Knowledge of circuit boards, processors, chips, electronic equipment, and computer hardware and software, including applications and programming.
Knowledge of principles and processes for providing customer and personal services. This includes customer needs assessment, meeting quality standards for services, and evaluation of customer satisfaction.
Knowledge of principles and methods for curriculum and training design, teaching and instruction for individuals and groups, and the measurement of training effects.
Knowledge of media production, communication, and dissemination techniques and methods. This includes alternative ways to inform and entertain via written, oral, and visual media.
Knowledge of business and management principles involved in strategic planning, resource allocation, human resources modeling, leadership technique, production methods, and coordination of people and resources.
Knowledge of different philosophical systems and religions. This includes their basic principles, values, ethics, ways of thinking, customs, practices, and their impact on human culture.
Knowledge of human behavior and performance; individual differences in ability, personality, and interests; learning and motivation; psychological research methods; and the assessment and treatment of behavioral and affective disorders.
Knowledge of administrative and clerical procedures and systems such as word processing, managing files and records, stenography and transcription, designing forms, and other office procedures and terminology.
Giving full attention to what other people are saying, taking time to understand the points being made, asking questions as appropriate, and not interrupting at inappropriate times.
Using logic and reasoning to identify the strengths and weaknesses of alternative solutions, conclusions or approaches to problems.
Considering the relative costs and benefits of potential actions to choose the most appropriate one.
Talking to others to convey information effectively.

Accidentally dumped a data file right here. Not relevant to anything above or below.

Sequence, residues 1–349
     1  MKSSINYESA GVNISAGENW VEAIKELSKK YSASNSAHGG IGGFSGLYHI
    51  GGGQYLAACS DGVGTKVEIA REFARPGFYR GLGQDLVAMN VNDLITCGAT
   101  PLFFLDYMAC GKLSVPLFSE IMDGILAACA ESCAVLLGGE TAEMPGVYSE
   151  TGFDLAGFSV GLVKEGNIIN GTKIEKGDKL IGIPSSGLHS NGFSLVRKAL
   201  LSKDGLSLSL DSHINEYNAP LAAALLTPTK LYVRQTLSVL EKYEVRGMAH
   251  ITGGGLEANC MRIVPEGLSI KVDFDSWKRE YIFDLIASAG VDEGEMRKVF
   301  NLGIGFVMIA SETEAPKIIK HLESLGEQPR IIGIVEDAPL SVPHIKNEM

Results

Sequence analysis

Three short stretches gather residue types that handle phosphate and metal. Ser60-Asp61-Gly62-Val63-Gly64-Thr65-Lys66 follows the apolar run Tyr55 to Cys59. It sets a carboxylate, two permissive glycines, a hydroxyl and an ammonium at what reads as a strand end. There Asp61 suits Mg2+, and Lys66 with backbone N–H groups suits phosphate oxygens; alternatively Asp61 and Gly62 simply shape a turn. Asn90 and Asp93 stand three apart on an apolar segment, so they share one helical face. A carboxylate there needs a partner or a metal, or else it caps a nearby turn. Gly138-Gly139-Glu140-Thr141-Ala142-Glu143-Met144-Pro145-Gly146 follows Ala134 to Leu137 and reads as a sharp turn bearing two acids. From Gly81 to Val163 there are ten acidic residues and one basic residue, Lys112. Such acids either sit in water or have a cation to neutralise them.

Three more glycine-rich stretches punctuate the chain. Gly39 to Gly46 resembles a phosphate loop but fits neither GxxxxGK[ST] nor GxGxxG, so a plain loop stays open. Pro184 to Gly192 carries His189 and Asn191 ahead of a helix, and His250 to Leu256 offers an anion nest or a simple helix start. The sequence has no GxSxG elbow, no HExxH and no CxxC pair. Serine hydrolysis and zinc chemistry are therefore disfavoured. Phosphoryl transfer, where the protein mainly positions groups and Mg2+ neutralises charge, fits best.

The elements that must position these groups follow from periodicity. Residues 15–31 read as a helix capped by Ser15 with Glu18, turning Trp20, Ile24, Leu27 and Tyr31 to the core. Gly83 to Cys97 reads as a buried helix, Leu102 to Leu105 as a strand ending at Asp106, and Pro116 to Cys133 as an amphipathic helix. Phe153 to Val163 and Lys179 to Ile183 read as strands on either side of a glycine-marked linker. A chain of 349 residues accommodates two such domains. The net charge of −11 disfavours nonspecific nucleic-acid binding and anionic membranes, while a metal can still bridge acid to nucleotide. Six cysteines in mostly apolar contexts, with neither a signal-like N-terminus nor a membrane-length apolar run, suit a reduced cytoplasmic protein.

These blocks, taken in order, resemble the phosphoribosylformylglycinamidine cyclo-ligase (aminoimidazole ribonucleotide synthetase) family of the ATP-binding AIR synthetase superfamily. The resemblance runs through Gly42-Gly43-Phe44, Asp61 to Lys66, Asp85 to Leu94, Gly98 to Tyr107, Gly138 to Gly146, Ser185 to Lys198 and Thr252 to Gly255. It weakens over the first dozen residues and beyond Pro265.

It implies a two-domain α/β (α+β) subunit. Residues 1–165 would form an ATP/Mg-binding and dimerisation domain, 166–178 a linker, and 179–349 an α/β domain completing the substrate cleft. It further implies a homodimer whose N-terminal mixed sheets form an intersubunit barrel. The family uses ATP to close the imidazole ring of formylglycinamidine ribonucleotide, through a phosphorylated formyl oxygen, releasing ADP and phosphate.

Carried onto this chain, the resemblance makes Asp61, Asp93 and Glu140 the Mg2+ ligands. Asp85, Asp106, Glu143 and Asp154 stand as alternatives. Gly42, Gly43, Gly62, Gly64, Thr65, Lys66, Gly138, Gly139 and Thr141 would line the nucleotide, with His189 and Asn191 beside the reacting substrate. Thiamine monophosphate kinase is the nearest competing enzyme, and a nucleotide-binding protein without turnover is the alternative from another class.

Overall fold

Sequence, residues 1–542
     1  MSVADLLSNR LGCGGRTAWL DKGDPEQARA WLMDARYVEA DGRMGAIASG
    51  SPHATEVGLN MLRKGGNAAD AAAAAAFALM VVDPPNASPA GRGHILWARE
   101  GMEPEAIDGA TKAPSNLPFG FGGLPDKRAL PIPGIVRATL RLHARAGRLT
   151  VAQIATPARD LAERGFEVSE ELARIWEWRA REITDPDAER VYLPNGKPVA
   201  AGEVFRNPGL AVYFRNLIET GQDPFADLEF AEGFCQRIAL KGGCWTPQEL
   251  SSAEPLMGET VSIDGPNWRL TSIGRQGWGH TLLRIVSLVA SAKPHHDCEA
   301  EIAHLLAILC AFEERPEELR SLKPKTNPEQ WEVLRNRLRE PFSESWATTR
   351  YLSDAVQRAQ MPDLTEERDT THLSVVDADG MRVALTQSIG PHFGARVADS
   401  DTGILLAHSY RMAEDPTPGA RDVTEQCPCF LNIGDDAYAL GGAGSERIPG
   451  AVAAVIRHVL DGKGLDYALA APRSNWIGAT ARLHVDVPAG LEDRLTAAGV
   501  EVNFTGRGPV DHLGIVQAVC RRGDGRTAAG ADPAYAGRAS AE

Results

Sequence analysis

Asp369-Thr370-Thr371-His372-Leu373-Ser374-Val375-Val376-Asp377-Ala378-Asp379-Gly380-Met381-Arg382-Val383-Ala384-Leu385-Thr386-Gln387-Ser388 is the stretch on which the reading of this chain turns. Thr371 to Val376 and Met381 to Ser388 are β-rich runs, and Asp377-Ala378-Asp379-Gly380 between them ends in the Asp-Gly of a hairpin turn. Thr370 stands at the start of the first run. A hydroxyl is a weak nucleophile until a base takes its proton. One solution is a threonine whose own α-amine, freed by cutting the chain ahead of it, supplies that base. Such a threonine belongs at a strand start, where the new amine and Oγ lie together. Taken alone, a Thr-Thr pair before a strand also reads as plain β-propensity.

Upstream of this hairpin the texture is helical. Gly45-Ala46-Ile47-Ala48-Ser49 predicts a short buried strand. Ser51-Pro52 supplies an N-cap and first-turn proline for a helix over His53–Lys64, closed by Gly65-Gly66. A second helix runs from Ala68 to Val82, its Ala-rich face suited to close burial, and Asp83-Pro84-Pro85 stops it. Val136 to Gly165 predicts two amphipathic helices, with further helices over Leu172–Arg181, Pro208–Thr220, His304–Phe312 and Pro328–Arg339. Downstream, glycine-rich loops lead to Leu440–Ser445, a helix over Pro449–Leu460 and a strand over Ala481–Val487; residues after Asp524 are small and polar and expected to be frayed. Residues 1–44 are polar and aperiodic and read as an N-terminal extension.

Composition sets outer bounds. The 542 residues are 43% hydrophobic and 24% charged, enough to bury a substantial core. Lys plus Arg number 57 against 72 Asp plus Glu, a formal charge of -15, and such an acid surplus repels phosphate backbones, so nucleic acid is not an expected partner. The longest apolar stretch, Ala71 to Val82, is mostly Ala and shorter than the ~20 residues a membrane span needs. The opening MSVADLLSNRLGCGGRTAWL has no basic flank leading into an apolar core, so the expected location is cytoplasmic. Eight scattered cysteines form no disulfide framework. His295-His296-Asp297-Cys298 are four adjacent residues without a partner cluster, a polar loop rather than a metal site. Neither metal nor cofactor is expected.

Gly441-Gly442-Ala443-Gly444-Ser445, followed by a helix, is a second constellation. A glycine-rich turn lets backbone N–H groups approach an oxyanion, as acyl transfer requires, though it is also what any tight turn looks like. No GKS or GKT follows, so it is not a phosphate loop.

Adjusting actions in relation to others' actions.
Monitoring/Assessing performance of yourself, other individuals, or organizations to make improvements or take corrective action.
Understanding written sentences and paragraphs in work related documents.
Managing one's own time and the time of others.
Communicating effectively in writing as appropriate for the needs of the audience.
Teaching others how to do something.
The ability to detect or tell the differences between sounds that vary in pitch and loudness.
The ability to come up with unusual or clever ideas about a given topic or situation, or to develop creative ways to solve a problem.
The ability to listen to and understand information and ideas presented through spoken words and sentences.
The ability to communicate information and ideas in speaking so others will understand.
The ability to come up with a number of ideas about a topic (the number of ideas is important, not their quality, correctness, or creativity).
The ability to identify and understand the speech of another person.
The ability to see details at close range (within a few feet of the observer).
The ability to speak clearly so others can understand you.
The ability to focus on a single source of sound in the presence of other distracting sounds.
The ability to read and understand information and ideas presented in writing.
Developing, designing, or creating new applications, ideas, relationships, systems, or products, including artistic contributions.
Developing constructive and cooperative working relationships with others, and maintaining them over time.
Observing, receiving, and otherwise obtaining information from all relevant sources.
Scheduling events, programs, and activities, as well as the work of others.
Providing information to supervisors, co-workers, and subordinates by telephone, in written form, e-mail, or in person.
Using computers and computer systems (including hardware and software) to program, write software, set up functions, enter data, or process information.
Communicating with people outside the organization, representing the organization to customers, the public, government, and other external sources. This information can be exchanged in person, in writing, or by telephone or e-mail.
Developing specific goals and plans to prioritize, organize, and accomplish your work.